Original covers for A Timely Death trilogy: sizes represent order in which they were written

Second Path: (I can’t release the name, but I will call it by the primary colors: Red (book 1) Blue (book 2) and Yellow (book 3)

What happened: I planned Red, Blue, and Yellow before I started writing all of them. I drew out the world, charted the characters, played around with ideas, and just rolled around in my mind for months before I wrote down a single word. Even when I started writing Red, I contemplated more ideas and little scenes for Blue and Yellow. The entire time I was filled with excitement instead of confusion. I was never mentally “out of breath.” I went from Red to Blue to Yellow with ease, knowing I had all my time to add the symbolism, foreshadowing, and excitement that I wanted.

What I learned: Planning allowed me to have more time to enjoy the actual writing time. I was never worried about where I was going next–even if I was surprised by a sudden turn. This may seem like a contradiction, because I said to plan everything, but I must remind everyone of a little theory I live by: the characters are in charge, so my plans don’t always work out. That being said, I still insist on planning everything but keeping an open mind on how my plans go.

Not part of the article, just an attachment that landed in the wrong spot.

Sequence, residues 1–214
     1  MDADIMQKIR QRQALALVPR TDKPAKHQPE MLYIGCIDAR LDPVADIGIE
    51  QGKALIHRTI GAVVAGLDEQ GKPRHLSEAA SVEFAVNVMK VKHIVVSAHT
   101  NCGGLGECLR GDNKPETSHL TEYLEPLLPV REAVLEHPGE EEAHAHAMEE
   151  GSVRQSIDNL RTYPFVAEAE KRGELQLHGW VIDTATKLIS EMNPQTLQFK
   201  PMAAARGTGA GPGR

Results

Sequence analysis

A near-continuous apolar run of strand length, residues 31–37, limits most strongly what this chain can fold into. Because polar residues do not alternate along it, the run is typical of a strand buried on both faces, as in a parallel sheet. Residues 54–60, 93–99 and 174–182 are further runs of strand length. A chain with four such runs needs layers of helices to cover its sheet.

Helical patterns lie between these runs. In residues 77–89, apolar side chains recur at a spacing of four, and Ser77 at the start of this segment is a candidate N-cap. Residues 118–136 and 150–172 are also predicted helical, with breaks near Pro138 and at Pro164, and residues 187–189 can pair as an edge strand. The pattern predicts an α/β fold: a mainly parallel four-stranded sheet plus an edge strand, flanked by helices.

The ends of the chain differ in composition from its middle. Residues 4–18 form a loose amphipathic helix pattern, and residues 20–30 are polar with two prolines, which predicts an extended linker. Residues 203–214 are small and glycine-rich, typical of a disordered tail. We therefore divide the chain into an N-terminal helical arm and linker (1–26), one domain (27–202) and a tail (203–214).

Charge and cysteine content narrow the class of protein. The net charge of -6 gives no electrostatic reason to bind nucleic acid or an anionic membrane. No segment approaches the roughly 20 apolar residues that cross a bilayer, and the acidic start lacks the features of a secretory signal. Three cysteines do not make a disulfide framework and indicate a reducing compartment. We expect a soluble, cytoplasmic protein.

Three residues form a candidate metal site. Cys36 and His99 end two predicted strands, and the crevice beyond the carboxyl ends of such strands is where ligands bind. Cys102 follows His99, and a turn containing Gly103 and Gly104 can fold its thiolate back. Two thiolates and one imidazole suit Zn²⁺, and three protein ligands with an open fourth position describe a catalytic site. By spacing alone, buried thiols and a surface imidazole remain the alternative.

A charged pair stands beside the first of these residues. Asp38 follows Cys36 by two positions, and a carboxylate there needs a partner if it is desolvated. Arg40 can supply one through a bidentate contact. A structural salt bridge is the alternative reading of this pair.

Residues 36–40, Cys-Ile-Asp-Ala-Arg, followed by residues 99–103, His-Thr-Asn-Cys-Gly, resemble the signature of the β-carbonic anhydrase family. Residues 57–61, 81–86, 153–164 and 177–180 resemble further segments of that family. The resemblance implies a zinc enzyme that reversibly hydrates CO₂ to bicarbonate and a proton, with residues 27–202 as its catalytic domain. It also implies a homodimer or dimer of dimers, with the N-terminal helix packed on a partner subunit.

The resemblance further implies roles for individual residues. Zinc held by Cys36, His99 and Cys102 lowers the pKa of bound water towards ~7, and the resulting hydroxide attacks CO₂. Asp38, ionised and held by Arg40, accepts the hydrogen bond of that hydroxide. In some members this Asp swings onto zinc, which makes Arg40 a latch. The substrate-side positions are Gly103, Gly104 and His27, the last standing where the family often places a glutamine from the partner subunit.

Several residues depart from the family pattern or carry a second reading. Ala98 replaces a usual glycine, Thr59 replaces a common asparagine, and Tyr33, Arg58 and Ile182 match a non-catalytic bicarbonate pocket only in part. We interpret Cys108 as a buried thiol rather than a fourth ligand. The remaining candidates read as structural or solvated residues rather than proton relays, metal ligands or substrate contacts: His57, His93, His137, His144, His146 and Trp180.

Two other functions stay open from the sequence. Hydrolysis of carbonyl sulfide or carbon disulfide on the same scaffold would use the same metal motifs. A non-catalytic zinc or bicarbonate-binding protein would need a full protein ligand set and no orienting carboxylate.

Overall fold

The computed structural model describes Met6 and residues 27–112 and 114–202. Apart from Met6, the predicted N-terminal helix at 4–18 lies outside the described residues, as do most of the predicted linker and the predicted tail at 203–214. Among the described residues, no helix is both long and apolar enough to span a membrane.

Basically: I’ve written numerous series, but the lesson that kept repeating itself to me was not to rush it. Even if I have a plan for one book that I know I want to expand, I stop myself from writing it until I know exactly where I’m expanding it too. (When I say “exactly” I mean a basic outline of events–not literally the entirety of the story, because, even if I planned that much, things always change in the moment of writing it.) My advice is simply to have a larger plan for the overall series and smaller plans within the books.

Think of writing a series like a road trip: You know where you’re starting, you probably know where it’s going to end, and you might have places you want to visit in between. But there might be some surprises along the way. Embrace them, and keep going. That’s where the fun is. 


20 Responses to “Writing Tips: Sequel, Trilogy, Series, etc.”

  1. jenniferkmarsh September 5, 2013 at 5:55 am #

    Completely agree with you 🙂 I’m in the process of writing a trilogy (I’ve already done Book 1 and am in the middle of Book 2), but as much as I enjoy it, I really wouldn’t be surprised if I never wrote a series again!

    • Shannon Thompson September 5, 2013 at 4:28 pm #

      Out of curiosity: what would make you never write one again?

      • jenniferkmarsh September 6, 2013 at 8:07 am #